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And the Sea Will Be No More

The vision of a new heaven and a new earth in Rev. 21:1 is accompanied by the curious statement that, “the sea will be no more.” This often overlooked detail invites reflection upon the significance of the sea’s elimination. Why was the sea, originally a part of God’s good creation, not included in the vision of creation’s final renewal?

The answer to this question lies in the symbolic meaning of the sea in the Jewish pool of imagery. In the Old Testament, the sea is often portrayed as hostile to creation and to the people of God. In Psalm 104:5-9, the water is portrayed as fleeing from God at his rebuke. The mighty waters are portrayed as the enemy of God in Psalm 18:15-27. Of great importance for understanding sea imagery is Daniel 7 where the beasts which symbolize the foreign oppression of Israel come up out of the sea. Lastly, and perhaps most importantly, the image of the sea sometimes recalls God’s deliverance of Israel at the Red Sea and indicates the future hope of the people of God for a new exodus event, a future and ultimate rescue from oppression (Isaiah 51:10). In Jewish imagery, then, the sea can symbolize that which is opposed to God and to his people, the source of beastly and oppressive forces over the people of God, and the event of the exodus along with the hope that God will once again deliver his people.

Each of these themes is picked up in the development of sea imagery in Revelation. The sea first appears in Revelation 4 where there is something like a sea of glass before the throne of God (6). This is an image of God’s sovereignty over the sea and all that it symbolizes and is consistent with the Old Testament imagery of God rebuking or exercising his sovereignty over the sea. Further, like the beasts in Daniel 7, a beast arises from the sea in Revelation 13. This beast has characteristics from each of the beasts in Daniel 7 and appears to be an amalgamation of them. This confirms that in Revelation, as in Daniel, the sea is seen as the source of beastly oppression of the people of God. The sea of glass appears again in Revelation 15:2. This time, though, those who conquered the beast are standing upon the glassy sea and they are singing the song of Moses and the song of the lamb. Again, the imagery in the vision is similar to the imagery in the Old Testament. The song of Moses recalls the exodus and God’s deliverance of Israel at the Red Sea. It is clear that the image of the sea in Revelation corresponds to the standard Jewish symbolism associated with the sea.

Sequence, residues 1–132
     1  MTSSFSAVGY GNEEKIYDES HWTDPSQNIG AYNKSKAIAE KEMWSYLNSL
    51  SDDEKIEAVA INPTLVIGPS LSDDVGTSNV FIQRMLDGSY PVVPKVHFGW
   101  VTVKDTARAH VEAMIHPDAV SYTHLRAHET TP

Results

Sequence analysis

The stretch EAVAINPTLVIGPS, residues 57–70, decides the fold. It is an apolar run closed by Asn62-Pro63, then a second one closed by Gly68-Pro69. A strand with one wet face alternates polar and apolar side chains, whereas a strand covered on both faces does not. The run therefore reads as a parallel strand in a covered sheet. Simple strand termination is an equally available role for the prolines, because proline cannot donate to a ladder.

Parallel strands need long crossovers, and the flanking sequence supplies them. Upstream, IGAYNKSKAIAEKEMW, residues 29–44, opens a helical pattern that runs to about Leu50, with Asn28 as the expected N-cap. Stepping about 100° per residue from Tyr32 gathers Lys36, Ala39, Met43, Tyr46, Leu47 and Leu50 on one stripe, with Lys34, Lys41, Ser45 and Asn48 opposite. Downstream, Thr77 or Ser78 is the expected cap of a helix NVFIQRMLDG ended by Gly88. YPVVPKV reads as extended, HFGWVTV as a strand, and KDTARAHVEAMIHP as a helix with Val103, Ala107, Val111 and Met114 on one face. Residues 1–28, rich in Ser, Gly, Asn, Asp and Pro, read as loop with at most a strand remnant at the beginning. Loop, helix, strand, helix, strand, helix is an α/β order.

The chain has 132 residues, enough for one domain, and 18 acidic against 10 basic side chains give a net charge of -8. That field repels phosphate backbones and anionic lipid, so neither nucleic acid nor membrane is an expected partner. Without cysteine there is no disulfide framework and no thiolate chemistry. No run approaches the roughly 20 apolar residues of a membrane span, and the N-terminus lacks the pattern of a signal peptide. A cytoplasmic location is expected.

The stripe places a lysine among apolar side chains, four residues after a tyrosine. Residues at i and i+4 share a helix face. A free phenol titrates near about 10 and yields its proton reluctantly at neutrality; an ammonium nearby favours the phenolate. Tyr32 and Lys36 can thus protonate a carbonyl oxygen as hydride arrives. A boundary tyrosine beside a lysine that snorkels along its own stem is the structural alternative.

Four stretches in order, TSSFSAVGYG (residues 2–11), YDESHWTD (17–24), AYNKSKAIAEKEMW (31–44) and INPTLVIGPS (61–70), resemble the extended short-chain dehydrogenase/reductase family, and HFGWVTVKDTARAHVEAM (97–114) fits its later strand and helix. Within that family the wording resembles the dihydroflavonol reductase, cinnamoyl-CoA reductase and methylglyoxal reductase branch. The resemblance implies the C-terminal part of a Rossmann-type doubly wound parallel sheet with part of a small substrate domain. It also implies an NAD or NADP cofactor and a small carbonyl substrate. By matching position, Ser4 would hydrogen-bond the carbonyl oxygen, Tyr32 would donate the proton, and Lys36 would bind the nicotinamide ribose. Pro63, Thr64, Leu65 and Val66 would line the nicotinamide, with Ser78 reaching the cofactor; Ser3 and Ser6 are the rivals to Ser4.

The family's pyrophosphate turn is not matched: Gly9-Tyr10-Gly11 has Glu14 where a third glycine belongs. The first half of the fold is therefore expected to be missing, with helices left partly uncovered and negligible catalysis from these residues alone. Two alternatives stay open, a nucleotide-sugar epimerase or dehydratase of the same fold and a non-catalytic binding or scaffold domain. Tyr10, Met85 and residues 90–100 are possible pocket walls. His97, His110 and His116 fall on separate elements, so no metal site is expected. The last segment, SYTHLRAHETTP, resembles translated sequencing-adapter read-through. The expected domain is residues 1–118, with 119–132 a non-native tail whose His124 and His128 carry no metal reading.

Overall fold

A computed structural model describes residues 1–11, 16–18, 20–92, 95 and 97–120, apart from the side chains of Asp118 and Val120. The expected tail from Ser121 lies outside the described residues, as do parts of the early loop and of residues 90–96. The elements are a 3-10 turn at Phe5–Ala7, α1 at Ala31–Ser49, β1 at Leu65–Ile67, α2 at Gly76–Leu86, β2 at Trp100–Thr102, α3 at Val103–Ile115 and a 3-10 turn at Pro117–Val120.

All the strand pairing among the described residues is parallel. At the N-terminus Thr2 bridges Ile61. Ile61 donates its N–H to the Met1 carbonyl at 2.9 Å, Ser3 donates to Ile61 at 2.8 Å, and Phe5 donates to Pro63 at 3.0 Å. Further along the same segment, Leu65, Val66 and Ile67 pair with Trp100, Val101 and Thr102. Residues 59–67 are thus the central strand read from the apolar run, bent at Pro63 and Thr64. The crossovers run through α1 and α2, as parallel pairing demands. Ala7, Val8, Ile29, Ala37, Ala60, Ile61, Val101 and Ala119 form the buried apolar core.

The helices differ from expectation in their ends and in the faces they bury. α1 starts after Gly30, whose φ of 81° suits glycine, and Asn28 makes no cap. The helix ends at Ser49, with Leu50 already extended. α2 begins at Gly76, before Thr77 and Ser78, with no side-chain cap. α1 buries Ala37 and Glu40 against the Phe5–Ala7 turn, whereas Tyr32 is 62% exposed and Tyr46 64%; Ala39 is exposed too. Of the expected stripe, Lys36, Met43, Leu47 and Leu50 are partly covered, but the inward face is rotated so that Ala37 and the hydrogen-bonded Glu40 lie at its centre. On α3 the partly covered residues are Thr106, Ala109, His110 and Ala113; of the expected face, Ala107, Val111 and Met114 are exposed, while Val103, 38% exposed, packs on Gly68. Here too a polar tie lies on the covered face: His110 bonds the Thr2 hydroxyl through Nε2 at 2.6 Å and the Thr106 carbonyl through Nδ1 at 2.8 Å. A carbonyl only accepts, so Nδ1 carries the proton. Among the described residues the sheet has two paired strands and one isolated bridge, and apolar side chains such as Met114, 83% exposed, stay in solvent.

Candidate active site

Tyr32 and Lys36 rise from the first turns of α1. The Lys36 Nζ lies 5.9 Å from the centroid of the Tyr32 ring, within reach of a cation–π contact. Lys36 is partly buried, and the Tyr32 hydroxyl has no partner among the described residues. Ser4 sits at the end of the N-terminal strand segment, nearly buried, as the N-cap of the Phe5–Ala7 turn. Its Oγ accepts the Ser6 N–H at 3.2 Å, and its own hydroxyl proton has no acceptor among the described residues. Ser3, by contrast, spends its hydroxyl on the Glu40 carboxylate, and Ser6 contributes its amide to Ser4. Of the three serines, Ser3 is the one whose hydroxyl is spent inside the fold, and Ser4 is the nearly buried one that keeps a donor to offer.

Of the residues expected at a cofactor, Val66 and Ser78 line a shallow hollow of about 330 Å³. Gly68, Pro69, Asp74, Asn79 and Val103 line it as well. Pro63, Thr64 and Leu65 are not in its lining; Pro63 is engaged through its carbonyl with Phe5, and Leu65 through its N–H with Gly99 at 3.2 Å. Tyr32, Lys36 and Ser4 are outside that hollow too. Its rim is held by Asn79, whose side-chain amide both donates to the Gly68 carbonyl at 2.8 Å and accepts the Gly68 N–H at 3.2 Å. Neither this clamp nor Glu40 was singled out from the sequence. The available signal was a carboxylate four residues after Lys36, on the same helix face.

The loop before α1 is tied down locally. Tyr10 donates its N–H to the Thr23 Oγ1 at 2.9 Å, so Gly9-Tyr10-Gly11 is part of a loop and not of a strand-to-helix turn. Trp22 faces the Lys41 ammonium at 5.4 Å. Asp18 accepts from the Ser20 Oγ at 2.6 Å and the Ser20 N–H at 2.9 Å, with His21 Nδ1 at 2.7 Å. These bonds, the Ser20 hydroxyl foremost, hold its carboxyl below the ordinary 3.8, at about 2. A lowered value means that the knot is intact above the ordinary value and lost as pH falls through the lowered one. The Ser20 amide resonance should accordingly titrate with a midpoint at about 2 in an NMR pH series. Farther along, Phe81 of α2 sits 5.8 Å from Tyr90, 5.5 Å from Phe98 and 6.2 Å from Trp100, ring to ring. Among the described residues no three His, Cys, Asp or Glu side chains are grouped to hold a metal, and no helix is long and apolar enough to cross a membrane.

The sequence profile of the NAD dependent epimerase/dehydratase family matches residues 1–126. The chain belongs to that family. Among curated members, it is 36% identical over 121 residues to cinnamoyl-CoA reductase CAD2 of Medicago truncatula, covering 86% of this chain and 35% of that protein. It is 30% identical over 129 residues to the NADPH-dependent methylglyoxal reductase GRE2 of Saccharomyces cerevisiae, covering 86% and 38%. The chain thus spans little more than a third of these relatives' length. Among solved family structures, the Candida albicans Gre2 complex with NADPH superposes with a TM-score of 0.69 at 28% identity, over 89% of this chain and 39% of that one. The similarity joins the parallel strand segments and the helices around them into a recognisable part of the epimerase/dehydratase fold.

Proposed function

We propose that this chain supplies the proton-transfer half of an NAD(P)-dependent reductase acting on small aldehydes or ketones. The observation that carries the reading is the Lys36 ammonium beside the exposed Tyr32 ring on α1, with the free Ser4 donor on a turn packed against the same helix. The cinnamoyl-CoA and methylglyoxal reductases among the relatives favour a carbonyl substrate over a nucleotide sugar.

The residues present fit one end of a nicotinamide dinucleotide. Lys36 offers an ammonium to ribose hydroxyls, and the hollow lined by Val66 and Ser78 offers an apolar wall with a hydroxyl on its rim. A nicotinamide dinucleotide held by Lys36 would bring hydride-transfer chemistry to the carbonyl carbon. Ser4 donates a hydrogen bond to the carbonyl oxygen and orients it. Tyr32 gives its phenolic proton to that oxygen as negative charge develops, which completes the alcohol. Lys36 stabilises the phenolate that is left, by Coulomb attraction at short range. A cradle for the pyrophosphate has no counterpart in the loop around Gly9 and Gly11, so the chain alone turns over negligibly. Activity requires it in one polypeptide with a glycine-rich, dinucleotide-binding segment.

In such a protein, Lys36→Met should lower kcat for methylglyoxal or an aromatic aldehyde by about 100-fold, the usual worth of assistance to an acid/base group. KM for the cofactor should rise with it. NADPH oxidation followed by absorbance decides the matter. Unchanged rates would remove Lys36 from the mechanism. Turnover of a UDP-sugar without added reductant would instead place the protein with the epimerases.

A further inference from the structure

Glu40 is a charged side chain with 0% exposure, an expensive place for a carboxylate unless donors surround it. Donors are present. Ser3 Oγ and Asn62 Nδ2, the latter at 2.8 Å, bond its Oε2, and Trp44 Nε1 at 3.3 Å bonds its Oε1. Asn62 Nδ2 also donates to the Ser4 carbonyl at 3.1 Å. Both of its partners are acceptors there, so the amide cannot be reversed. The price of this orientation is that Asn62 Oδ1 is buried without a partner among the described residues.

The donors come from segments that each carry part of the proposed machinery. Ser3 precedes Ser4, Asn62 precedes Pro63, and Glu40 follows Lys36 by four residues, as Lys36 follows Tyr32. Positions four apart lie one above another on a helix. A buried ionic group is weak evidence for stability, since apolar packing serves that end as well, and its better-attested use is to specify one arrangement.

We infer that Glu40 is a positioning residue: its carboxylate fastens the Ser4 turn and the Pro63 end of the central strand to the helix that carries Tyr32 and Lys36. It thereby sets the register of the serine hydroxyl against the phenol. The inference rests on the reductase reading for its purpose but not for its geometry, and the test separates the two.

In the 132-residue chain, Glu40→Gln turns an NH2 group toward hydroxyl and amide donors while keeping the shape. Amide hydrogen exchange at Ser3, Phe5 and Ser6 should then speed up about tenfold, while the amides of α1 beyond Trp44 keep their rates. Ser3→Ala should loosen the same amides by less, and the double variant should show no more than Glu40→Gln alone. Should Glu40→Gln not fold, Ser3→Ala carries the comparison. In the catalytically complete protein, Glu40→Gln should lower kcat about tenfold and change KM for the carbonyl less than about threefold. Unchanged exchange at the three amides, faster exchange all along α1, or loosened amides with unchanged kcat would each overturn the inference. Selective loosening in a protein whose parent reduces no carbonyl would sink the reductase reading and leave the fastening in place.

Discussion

We may suppose that the disappearance of the sea in Revelation 21:1 means that, in the new creation, all that which is opposed to God, his people, and his creation will be removed. All powers which oppress the people of God will be done away with. The people of God and creation with them will pass through the sea once again coming to freedom and life. This is confirmed by a few clues in chapter 21 itself. First, 21:1-5 has a chiastic structure which associates, “the sea is no more”(1c), with, “Death, sorrow, and crying are no more” (4a-c). With the disappearance of the sea, that which oppresses the people of God disappears as well. Second, Revelation, 21:4 echoes Isaiah 51:10-11 where the drying of the sea and the anticipation of a new exodus are associated with the doing away of sorrow and sighing.

The Old Testament background and the symbolism of the sea in Revelation both indicate that the disappearance of the sea in Revelation 21:1 means that God’s work of ultimate new creation will be a new event of salvation in which the people of God are fully and finally delivered from all forces of harm and oppression. Creation itself will fully and finally experience a new exodus from all opposition. The elimination of the sea symbolizes the final doing away with evil and the full redemption of the people of God.

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